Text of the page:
Renowned artist gets own studio in Glen Innes

January 27, 2022

Renowned artist gets own studio in Glen Innes Renowned artist gets own studio in Glen Innes

Celebrated artist Emily Karaka’s roots lie deep in Tāmaki. Her whānau home once stood on the site of the Tongan Church in Maybury Street, Glen Innes, and she has whakapapa ties to Ngāpuhi and Waikato/Tainui.

Now Emily has a permanent working base in Glen Innes with her own dedicated artist’s studio above a creative hub space in Line Road. She said: “I have been joking that I’ve got the LA studio in GI.”

Turning 70 next month, Emily feels like she has the keys to her own kingdom after 40 years as an artist, working mostly out of sheds and spare rooms, making works for collectors, art galleries and museums in New Zealand and overseas. “I had outgrown my shed in the garden across the road,” she said. “I really needed a better, more secure space to work from.”

Tāmaki Regeneration Company (TRC) is helping support Emily and the wealth of artistic talent in Glen Innes, Point England and Panmure, by creating a studio for her above a former $2 shop and setting up an innovation hub below where makers and creatives can have a hui over coffee and kai.

Emily, who has exhibited at the Sydney Biennale (2020) and the Toi Tū Toi Ora exhibition of Māori Contemporary Art at Auckland Art Gallery Toi o Tāmaki (2020-2021), will hold an annual exhibition with Tangata Whenua at The Good The Bad Gallery in Glen Innes. Her work can be seen at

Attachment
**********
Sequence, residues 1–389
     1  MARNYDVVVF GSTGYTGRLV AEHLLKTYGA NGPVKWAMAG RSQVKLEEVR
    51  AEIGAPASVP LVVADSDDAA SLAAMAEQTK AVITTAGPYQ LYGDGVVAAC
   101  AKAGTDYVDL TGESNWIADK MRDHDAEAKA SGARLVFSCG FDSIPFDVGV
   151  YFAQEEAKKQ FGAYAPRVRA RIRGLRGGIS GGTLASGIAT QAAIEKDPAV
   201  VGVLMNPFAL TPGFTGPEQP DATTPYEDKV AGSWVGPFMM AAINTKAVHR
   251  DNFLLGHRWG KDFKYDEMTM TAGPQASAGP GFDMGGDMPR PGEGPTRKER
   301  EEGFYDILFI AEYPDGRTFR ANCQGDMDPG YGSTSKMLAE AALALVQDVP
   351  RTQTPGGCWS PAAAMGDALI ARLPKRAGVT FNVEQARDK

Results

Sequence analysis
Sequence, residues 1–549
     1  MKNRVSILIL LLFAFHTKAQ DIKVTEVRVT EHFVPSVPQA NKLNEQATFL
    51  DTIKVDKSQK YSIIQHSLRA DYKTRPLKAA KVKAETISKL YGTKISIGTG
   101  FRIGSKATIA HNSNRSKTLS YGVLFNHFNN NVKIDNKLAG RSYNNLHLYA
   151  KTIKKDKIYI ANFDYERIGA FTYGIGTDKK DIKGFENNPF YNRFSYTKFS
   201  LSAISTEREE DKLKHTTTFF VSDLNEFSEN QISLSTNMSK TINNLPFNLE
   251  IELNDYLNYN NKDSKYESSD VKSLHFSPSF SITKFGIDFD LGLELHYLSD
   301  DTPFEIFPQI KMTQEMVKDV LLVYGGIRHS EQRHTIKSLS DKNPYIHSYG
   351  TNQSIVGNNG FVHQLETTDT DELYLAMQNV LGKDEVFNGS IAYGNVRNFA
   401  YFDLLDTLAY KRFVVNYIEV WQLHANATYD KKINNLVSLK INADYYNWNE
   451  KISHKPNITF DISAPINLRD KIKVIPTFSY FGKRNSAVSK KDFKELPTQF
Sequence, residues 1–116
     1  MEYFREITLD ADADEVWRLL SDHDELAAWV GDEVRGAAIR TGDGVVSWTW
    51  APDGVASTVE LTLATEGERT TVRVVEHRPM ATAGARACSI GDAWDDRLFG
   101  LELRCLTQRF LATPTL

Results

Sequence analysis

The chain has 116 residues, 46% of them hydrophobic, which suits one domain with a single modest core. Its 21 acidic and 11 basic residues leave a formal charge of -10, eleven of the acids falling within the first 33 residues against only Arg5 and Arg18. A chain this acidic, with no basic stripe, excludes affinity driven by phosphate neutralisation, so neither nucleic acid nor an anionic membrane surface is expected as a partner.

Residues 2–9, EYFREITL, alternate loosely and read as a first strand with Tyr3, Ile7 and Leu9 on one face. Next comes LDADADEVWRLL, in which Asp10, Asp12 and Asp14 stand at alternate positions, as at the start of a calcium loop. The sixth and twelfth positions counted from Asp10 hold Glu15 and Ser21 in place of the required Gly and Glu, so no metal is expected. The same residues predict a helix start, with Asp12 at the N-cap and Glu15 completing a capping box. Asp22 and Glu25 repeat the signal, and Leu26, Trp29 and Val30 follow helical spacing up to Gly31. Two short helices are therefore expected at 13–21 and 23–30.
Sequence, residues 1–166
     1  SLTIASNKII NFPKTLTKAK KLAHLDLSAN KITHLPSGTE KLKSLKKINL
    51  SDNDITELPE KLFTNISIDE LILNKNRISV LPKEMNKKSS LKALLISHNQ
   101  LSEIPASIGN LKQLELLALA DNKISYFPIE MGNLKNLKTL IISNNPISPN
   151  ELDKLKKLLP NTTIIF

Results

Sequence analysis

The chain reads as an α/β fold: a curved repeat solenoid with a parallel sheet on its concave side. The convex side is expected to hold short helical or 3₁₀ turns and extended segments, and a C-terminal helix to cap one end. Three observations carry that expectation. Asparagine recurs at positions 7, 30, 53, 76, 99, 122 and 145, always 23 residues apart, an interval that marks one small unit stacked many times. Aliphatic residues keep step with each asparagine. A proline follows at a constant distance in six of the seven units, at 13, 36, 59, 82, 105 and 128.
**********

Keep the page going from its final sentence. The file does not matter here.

Emily credits being awarded the art prize as a student at Tāmaki Intermediate School as the stepping stone to becoming a professional artist. She now supports and encourages other creatives. She said: “I want to give someone else a chance, so I will paint one piece and give them the other gallery wall space to showcase their talent. It doesn’t have to only be emerging young artists; a lot of people take up painting at the end of their lives and do some brilliant work."

Her paintings tell the story of Tāmaki Makaurau and her political activism. Emily said the studio, which she will lease for four years will free her up to explore other subject matters. “I have been involved in politics all my life and painted about it. Maybe now I'll paint self-portraits, or flowers and romance, or paint the Ngāhere and Tai Ao, our natural environment."

“I am at a mature stage of my career, and I need to paint what I want to paint. Some of the best artists have painted their best paintings, later in life, where I’m at now; the world’s my oyster.” But first, Emily plans to paint Mt Maungarei o Pōtaka – the watchful mountain of Pōtaka (Mt Wellington) to celebrate the history of local iwi Ngāi Tai ki Tāmaki.

Joanna Brain, TRC’s General Manager Strategy and Masterplanning, said “Tāmaki has so much artistic talent, we wanted to support those communities by giving them a base to explore their ideas and be creative. This will help the re-energising of the Glen Innes town centre by building on existing links to Te Oro Arts Centre, The Good The Bad Gallery and the Bradley Lane Street Art programme."

Read Māori TV’s story here: